If someone were to tell you five years ago that a digital token could change the way we communicate through art, you would've told them they probably don't know what they are talking about, that digital things were for the youngsters who had no real appreciation whatsoever for the depth of true art and that true artists are the ones who go to the museum to get inspired and still rewind cassette tapes with pencils. Yet here we are – we all knew something was coming, we just didn't know what, how and when.
If someone were to tell you five years ago that a digital token could change the way we communicate through art, you would’ve told them they probably don’t know what they are talking about, that digital things were for the youngsters who had no real appreciation whatsoever for the depth of true art and that true artists are the ones who go to the museum to get inspired and still rewind cassette tapes with pencils. Yet here we are – we all knew something was coming, we just didn’t know what, how and when.
One thing is certain: the entertainment industry is slowly becoming overly saturated with more content than you could ever digest in a lifetime and whoever is not backed by a strong financial support and a good marketing campaign, is doomed to disappear in a sea of endless content. To put things into perspective, YouTube and Spotify have a combined library of over 410 million music tracks (at the moment of writing). Those numbers are enough to keep you entertained for roughly 780 years! If you are at the beginning of your career as a musician, good luck swimming.
But the problem with easy access at the tips of your fingers is precisely that. It is far too easy to get access to whatever you want nowadays. Movies? Music? Podcasts? You got it! It is all right there for you to grab in an instant, at any hour of the day, 24 hours a day, 365 days a year. And it never stops. More and more content floods the platforms every single hour.
Do you remember the days when you absolutely needed to get that album from the corner music store behind the block? What if they didn’t have it or if it was sold out? The hype would turn to disappointment faster than Jason Derulo releasing singles on Tik Tok. The point is, maybe you were right. Maybe we have stopped appreciating pretty much anything that used to give us joy by collecting and experiencing them hundreds of times. God knows how mad we were when CDs used to get so scratched it seemed like we were listening to them in reverse.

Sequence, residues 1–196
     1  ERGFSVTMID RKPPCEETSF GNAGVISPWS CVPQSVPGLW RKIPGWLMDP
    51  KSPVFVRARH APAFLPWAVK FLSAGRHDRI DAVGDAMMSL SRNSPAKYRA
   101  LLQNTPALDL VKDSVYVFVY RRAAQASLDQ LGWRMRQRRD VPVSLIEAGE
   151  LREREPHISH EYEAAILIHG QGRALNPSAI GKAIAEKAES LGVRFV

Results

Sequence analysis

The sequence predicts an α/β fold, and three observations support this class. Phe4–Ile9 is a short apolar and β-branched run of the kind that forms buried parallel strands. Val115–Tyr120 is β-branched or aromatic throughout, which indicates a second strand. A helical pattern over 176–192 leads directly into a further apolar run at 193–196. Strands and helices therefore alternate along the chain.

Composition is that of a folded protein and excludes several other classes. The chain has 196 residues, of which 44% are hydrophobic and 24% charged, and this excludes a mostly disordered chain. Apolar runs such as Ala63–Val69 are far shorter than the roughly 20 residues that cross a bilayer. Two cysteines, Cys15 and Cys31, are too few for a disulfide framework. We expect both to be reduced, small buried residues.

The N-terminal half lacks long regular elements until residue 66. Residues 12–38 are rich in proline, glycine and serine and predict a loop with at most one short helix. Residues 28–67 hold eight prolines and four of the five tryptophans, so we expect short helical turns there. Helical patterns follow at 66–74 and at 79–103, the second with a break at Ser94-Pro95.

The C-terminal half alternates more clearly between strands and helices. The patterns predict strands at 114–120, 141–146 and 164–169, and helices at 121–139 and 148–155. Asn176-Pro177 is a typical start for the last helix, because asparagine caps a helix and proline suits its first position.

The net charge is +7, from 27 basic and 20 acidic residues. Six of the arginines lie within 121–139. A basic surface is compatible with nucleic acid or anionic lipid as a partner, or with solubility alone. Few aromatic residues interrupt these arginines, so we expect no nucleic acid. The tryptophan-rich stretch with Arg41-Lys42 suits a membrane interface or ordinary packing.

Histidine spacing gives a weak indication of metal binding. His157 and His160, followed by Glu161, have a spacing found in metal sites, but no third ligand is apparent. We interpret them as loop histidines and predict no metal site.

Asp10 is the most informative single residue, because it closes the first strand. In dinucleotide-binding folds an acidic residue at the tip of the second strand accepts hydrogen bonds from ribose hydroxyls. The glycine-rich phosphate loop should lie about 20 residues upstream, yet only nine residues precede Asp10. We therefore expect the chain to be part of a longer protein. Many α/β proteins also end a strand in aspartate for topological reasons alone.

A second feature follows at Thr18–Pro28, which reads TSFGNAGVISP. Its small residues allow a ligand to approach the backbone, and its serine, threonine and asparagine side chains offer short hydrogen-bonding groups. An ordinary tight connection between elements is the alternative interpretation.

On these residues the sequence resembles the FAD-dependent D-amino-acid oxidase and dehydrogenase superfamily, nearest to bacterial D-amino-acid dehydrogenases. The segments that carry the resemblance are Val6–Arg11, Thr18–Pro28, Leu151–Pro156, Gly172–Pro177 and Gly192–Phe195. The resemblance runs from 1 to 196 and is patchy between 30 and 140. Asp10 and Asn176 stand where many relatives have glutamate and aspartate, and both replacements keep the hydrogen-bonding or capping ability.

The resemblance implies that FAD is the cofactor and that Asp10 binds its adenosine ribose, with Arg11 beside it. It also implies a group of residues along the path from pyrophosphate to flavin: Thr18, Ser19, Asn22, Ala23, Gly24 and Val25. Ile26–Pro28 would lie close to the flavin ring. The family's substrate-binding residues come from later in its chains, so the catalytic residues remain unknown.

So, what does all this have to do with digital currencies, I hear you say? Well, buckle up.
First of all, what is a digital currency, otherwise known as “crypto”? If you can understand the concept of gold as an asset then you are halfway there. A digital currency is much like gold, with its own market value and accessibility, it can be bought and sold on various different exchanges, only that it lives in the digital realm where thousands of decentralized computers all over the world regulate all transactions and validate them securely. This is called the blockchain.
Digital currencies, such as Bitcoin, Ethereum and many others, behave much like a paper currency, but instead it is not regulated by a centralized bank. The real advantage is that not only a digital currency is finite, therefore immune to inflation, unlike the American Dollar, but by being decentralized it also means that no one person or institution gets to decide its value by how much is printed and injected into the economy, but rather the opposite: its value is protected by its decentralization of power.
While it all may seem complicated to understand in the beginning there are good news: all the information about every digital coin in circulation is written in detail in their own document which proves their functionality and economic fundamentals called White Paper. Moreover, every coin's data, such as market capital or trading volume, is accessible to anyone with a stable internet connection and a mobile phone. Everything is transparent and accessible to everyone, whether you are rich or poor, black or white, Christian or atheist, crypto does not have any barriers, and for good reasons.
This does not mean digital currencies do not have their own flaws. Nothing in the world can be perfect, and certain things can indeed go wrong even in the safest digital space with all security measurements and cryptographic protection in place, but that is a topic that we’ll come back to later on.
So now, you ask, how can these two realities coexist in a complementary and advantageous way? How will digital currencies change the entertainment industry forever?
Here is where NFTs (Non-Fungible Tokens) come into place: a form of digital unique collectable content, based on the blockchain and mass adopted amongst the tech geeks, which will help artists bring back something truly special for the new generation.
Let’s start from the name “non-fungible,” which means it cannot be duplicated, much like physical art but encrypted in the digital world and verifiable via the blockchain ledger. And yes, it can be copied, but no matter how good a copy is, it will never be as good as the original. So, is it like unique pokemon cards then? Well, somewhat. It can be anything from a picture of your pet to the album of Kings of Leon. Wait… Kings of Leon released an NFT album? Yes. And it generated almost 2 million dollars in revenue and that is nothing compared to a single pixelated picture of a character called CryptoPunk #7523 (yes, it even has a number in its name) which was bought for $11.75 million. NFTs have generated alone more than $40 billion in 2021 and it was elected the “Word of the Year” in Collin’s Dictionary.